TECLA, the house made of clay that takes us back to the past

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La Cuisine International
© Mario Cucinell Architects

 

TECLA, the house made of clay with 3D technology is one of the many prototype homes that’ll surprise us in the future, taking us back to the past. The project developed in Italy by Mario Cucinella Architects is described by its creators as a new form of organic, low-carbon and biodegradable housing, built from the clay found on the terrain, which translates into a significant potential in terms of providing constructions in a short time.

 

The TECLA (Technology and Clay) project aims at the construction of a group of futuristic dome-shaped houses to be located in Bologna, Italy. Once the prototype is completed, the plans include manufacturing using WASP, the Italian specialists in large-scale 3D printing.

 

The basis of this innovative architectural approach is a system of 3D printers that mechanically place layer over layer of clay made of locally sourced natural materials. Another interesting detail about the construction of TECLA is the fact that the houses built under this proposal don’t generate waste, since all the building materials assembled in the structure can be easily recycled.

 

This means that once completed, this house will be the first to be built with these materials and using this manufacturing process. Besides, it’ll be the first to be produced by multiple 3D printers working on the same structure.

 

Eco-friendly architecture for the collective

 

One of the great promises of the TECLA project is the construction of mass-produced eco-housing. According to the representatives of Mario Cucinella Architects, the idea is to use this architectural proposal both to offer housing solutions to low-income communities and to provide a solution to the growing need for emergency shelter manufacturing around the world.

 

Mario Cucinella Architects explains that thanks to the collaboration with WASP and the use of several 3D printers that worked on-site, they were able to complete the 60-square-meters from 60-cubic-meters of layered extruded land in just 200 hours. “From the beginning of the printing process, the structure of the vaulted house is self-supporting. No scaffolding is needed for its construction. And both internally and externally, the unique and organic quality of its design creates a visually coherent architecture.”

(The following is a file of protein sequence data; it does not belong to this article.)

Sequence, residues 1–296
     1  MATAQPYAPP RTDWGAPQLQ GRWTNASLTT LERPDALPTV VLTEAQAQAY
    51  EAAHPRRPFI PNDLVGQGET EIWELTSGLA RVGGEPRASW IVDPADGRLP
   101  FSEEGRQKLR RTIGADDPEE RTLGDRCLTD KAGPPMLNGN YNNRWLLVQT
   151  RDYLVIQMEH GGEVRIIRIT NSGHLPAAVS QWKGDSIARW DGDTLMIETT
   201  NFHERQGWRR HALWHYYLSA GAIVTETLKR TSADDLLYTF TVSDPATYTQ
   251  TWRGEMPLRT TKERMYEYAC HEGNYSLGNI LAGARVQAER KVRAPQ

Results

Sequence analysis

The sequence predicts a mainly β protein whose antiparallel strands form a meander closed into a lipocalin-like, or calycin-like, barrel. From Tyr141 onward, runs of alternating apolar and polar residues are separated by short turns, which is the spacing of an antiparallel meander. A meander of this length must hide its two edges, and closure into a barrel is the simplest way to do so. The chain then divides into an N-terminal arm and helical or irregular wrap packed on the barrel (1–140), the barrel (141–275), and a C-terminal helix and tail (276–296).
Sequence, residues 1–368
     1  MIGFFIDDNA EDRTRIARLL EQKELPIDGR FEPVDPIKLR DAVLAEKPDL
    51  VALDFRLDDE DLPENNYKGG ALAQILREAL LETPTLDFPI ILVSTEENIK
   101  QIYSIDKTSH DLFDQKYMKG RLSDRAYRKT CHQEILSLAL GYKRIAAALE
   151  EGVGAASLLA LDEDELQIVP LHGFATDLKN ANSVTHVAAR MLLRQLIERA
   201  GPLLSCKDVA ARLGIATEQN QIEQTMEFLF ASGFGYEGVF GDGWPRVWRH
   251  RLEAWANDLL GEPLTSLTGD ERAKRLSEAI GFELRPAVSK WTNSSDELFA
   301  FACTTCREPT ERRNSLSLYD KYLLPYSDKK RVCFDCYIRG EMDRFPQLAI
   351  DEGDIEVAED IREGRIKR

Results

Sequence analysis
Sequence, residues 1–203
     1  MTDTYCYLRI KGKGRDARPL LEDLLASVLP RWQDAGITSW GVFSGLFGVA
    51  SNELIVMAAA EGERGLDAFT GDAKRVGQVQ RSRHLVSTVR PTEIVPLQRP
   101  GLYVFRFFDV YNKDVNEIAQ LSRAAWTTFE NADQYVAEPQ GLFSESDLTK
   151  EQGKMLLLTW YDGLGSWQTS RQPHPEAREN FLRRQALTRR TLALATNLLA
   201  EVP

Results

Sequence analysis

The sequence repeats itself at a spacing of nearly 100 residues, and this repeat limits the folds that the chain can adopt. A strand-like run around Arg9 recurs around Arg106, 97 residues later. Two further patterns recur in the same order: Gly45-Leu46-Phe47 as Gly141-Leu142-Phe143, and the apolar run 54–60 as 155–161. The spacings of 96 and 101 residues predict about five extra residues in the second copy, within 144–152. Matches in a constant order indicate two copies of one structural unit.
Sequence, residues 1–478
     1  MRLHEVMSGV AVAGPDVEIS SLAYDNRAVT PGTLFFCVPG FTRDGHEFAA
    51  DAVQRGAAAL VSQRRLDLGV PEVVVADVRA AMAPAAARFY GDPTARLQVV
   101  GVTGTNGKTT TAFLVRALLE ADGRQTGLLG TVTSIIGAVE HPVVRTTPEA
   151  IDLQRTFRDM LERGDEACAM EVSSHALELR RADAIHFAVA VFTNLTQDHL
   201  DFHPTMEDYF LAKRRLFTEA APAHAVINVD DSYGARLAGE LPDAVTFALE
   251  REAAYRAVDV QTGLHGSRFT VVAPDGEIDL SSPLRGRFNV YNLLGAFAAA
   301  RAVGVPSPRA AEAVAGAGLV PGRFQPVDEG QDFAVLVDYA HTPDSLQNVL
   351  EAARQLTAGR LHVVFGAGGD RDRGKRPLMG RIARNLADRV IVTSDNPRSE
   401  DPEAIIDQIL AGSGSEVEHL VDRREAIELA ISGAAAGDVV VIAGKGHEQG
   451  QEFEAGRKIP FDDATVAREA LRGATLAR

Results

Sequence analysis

Another important point in favor of TECLA is the fact that its proposal optimizes the composition of the mixture of land used, in direct response to local climatic conditions. “This means that the structure of the wall, and therefore its appearance, will be different depending on where the house is printed,” the architects explain.

 

La Cuisine International
© Mario Cucinell Architects

 

Can the future take us back to the past?

It’s difficult to imagine a house made of clay because the first thing that comes to mind is the perishable quality of the sandcastles we used to make during our childhood. However, TECLA is something else.

 

Externally, TECLA is a house composed of two domes built at ground level, with a skylight that offers light and natural heating. On the inside, there’s a living room, a bedroom, and a bathroom. And WASP has produced built-in-furniture using the same 3D technique to make sure the house owners can use it right away.

 

According to the design team of Mario Cucinella Architects, the successful construction of TECLA means that this model can also work in other environments. The project’s partner WASP has created a “starter kit for the manufacturer’s economics” that will help others recreate this sustainable design even on a much larger scale, as an entire city of structures without generating waste.

 

Finally, the team at the studio Mario Cucinella Architects indicates that TECLA is a new construction paradigm in itself, the basis of a new sustainable way of life on our planet. “The solutions to many of the problems our planet is facing can be found on the Earth itself, or even in the history of the first human beings who interacted with it.”

 

Now the question is, would you live in a house made of clay? Don’t answer right away, let’s wait and see where the future takes us.

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